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ePub The Alice B. Toklas cook book download

by Alice B. Toklas

ePub The Alice B. Toklas cook book download
Author:
Alice B. Toklas
ISBN13:
978-0946189557
ISBN:
0946189552
Language:
Publisher:
Brilliance Books; New edition edition (1983)
Category:
Subcategory:
Regional & International
ePub file:
1291 kb
Fb2 file:
1391 kb
Other formats:
lrf txt mobi rtf
Rating:
4.8
Votes:
376

I truly enjoyed reading The Alice B. Toklas Cook Book

I truly enjoyed reading The Alice B. Toklas Cook Book. There are people on the move, people bringing their cultures, foods, ways of cooking to the table. it's a travelogue, a time capsule, a food history book. Also included in the book is a description of Ms. Toklas' garden in Bilignin, where she and Gertrude Stein summered for 14 years.

The Alice B. Toklas Cook Book, first published in 1954, is one of the bestselling cookbooks of all time

The Alice B. Toklas Cook Book, first published in 1954, is one of the bestselling cookbooks of all time. Alice B. Toklas, writer Gertrude Stein's life partner, wrote the book to make up for her unwillingness at the time to write her memoirs, in deference to Stein's 1933 book, The Autobiography of Alice B. Toklas. This work is as much of an autobiography as it is a cookbook, in that it contains as many personal recollections as it does recipes. Toklas Cookbook book. Goodreads helps you keep track of books you want to read. Start by marking The Alice B. Toklas Cookbook as Want to Read: Want to Read savin. ant to Read. Toklas Cook Book is one of the bestselling cookbooks of all time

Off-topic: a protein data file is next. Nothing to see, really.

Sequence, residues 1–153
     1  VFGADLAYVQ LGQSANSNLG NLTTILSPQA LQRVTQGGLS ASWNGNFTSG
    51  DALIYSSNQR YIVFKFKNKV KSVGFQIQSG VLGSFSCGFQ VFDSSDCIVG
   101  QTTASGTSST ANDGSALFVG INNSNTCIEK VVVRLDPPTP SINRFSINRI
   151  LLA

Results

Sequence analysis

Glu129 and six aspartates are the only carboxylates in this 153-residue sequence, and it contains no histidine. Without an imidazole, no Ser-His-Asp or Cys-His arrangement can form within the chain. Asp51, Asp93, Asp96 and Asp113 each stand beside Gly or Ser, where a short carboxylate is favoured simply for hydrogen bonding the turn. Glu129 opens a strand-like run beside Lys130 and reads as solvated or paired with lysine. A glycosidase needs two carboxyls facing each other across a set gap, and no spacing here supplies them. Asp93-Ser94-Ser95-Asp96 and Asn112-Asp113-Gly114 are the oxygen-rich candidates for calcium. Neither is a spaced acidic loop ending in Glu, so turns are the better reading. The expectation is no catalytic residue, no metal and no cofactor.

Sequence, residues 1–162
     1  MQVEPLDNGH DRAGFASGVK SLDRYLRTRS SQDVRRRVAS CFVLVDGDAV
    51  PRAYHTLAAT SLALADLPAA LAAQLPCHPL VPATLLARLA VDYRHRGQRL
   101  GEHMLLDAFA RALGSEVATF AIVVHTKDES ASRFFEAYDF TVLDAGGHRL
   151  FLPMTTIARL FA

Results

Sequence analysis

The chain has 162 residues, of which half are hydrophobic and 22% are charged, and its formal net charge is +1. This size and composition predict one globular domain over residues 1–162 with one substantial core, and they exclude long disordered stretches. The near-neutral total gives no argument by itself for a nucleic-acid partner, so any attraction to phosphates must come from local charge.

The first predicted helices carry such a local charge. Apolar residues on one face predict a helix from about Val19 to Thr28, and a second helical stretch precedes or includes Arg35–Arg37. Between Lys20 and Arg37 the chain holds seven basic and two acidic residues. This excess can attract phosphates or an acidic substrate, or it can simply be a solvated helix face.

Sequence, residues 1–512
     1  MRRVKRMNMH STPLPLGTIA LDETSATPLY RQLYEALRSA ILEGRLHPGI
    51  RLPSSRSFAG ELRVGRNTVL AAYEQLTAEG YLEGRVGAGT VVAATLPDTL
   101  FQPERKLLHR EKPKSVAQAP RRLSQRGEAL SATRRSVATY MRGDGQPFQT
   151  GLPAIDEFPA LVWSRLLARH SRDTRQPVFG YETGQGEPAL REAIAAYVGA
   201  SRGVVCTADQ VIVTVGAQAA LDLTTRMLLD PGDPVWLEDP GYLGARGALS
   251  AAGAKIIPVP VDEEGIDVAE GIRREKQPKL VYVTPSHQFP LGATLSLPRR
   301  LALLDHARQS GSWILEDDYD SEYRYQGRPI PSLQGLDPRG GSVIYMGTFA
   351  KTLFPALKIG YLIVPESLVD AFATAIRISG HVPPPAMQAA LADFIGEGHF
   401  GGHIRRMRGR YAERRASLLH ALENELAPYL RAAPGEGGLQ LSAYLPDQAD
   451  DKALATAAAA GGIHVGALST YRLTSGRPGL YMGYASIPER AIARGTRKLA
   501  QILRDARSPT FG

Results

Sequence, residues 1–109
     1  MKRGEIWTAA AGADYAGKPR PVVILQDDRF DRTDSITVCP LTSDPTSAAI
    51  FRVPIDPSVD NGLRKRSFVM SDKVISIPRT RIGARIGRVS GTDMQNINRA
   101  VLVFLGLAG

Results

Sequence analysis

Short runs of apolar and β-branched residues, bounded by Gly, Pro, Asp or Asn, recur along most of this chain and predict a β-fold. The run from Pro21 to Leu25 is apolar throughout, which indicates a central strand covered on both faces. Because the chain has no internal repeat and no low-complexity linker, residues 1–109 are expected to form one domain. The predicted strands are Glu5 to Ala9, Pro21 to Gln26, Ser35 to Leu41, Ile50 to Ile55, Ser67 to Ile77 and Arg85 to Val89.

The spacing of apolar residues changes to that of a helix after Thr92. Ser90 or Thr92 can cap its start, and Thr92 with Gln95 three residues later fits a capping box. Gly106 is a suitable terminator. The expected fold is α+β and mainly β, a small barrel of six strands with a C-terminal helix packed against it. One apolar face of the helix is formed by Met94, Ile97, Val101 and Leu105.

The Alice B. Toklas Cook Book is one of the bestselling cookbooks of all time. The Alice B. Toklas Cook Book" is one of the bestselling cookbooks of all time. Written by writer Gertrude Stein's life partner, Alice B. Toklas wrote this book as a favor to Random House to make up for her unwillingness at the time to write her memoirs, in deference to Stein's 1933 book about her, "The Autobiography of Alice B. Toklas".

She was one of those admirable bonnes in other words excellent maids of all work, good cooks thoroughly occupied with the welfare of their employers and of themselves, firmly convinced that everything purchasable was far too dear. Oh but it is dear, was her answer to any question. She wasted nothing and carried on the household at the regular rate of eight francs a day. She even wanted to include guests at that price, it was her pride, but of course that was difficult since she for the honour of her house as well as to satisfy her employers always had to give every one enough to eat.

Vintage 1950s American Mid-Century Modern Books. Excellent copy of Alice B. Toklas Cookbook published in America by Harper & Brothers, NY in 1954. Original dust cover intact. Small hole on the front cover and some wear to edges.

Alice Babette Toklas was an American writer. The most famous recipe is for hashish fudge, contributed by her artist friend Brion Gysin. A second cookbook, Aromas and Flavors of Past and Present (1958), was assembled by Poppy Cannon, who altered it for American tastes. Toklas disapproved of the changes and said that she would never use it herself. In What Is Remembered (1963), she recalled her early days in San Francisco and Seattle and her life in Paris.